Last week, I discussed the 8th's decision in State v. Freeman, which centered around whether the police had themselves created the exigent circumstances which they then used as an excuse not to get a warrant, and in my discussion of the case I noted that the opinion never mentioned the Supreme Court's decision this spring in Kentucky v. King (discussed here), dealing with that precise situation.  One can't accuse the court of not being up to date in State v. BonnellBonnell had been convicted of aggravated murder in 1989 and sentenced to death, but he's still around, on this occasion having filed an appeal claiming that his conviction in the same case for aggravated burglary wasn't a final appealable order, so he was entitled to another appeal.  The Ohio Supreme Court addressed this very issue just two weeks ago in State v. Lester (discussed here), and the panel follows that decision and holds that the defect can be corrected by a simple nunc pro tunc entry, and that's that.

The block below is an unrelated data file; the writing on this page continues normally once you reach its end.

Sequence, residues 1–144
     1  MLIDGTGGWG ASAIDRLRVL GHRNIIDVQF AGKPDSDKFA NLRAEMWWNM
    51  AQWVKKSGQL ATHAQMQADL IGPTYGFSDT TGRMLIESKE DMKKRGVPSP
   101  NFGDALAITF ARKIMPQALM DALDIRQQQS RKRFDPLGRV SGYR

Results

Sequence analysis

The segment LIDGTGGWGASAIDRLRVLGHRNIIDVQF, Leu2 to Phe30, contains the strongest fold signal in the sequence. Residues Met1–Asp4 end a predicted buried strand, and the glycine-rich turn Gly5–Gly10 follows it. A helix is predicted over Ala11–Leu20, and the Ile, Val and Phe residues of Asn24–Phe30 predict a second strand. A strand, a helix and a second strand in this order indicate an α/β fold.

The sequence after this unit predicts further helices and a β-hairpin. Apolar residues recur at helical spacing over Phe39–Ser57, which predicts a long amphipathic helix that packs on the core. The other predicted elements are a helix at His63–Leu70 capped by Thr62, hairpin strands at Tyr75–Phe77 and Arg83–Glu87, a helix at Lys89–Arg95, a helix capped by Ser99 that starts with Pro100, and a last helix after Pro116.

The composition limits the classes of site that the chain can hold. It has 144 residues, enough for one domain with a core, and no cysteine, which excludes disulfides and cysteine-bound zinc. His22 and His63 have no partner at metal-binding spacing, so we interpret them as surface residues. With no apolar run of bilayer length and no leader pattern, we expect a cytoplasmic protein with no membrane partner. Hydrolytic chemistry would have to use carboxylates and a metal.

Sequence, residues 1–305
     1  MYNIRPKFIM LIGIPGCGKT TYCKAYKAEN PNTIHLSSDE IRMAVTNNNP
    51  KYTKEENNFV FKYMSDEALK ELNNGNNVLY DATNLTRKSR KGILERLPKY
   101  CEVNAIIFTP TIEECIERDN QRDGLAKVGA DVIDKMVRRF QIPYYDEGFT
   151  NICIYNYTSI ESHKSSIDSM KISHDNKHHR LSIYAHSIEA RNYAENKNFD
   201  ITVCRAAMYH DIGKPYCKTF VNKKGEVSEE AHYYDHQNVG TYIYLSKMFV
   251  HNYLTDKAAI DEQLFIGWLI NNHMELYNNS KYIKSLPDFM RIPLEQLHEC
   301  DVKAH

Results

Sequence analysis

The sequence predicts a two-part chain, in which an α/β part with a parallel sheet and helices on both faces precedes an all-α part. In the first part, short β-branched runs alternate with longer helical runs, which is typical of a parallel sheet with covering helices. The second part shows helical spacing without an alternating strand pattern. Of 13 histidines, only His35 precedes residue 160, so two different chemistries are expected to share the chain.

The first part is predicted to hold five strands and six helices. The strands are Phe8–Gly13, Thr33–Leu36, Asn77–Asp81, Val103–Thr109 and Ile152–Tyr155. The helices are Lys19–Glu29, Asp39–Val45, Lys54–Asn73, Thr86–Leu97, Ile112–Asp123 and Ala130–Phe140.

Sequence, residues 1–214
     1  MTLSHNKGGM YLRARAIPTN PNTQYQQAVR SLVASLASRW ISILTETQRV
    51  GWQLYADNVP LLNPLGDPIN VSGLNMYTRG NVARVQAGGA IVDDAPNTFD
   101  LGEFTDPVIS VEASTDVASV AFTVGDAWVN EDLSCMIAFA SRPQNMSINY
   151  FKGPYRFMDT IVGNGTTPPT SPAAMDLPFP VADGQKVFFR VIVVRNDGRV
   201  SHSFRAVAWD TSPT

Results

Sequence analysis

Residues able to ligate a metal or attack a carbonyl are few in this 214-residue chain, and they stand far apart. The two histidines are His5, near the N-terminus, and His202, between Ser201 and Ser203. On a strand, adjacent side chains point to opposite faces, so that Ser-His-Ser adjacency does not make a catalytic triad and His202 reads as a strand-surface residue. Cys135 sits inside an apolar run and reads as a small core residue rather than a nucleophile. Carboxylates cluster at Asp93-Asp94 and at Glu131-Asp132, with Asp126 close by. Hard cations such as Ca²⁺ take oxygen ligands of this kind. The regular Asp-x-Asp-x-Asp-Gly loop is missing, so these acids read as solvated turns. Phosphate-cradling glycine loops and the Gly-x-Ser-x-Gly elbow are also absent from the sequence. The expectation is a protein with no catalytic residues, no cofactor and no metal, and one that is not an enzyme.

One problem.  Lester addressed the situation of a journal entry not containing the means of conviction -- i.e., jury trial, guilty plea, whatever -- and said that wasn't necessary to make an order final.  It did affirm, though, that a journal entry which did not contain the fact of conviction was defective, and that appears to be the gravamen of Bonnell's complaint:  while the various entries indicate the sentence imposed for the aggravated burglary, nowhere do they say there was in fact a conviction.  The panel nonetheless concludes that this too can be corrected by a nunc pro tunc entry, citing Lester's language that the purpose of the rule is to inform a defendant that a conviction has been rendered against him, and Bonnell surely would have known of that.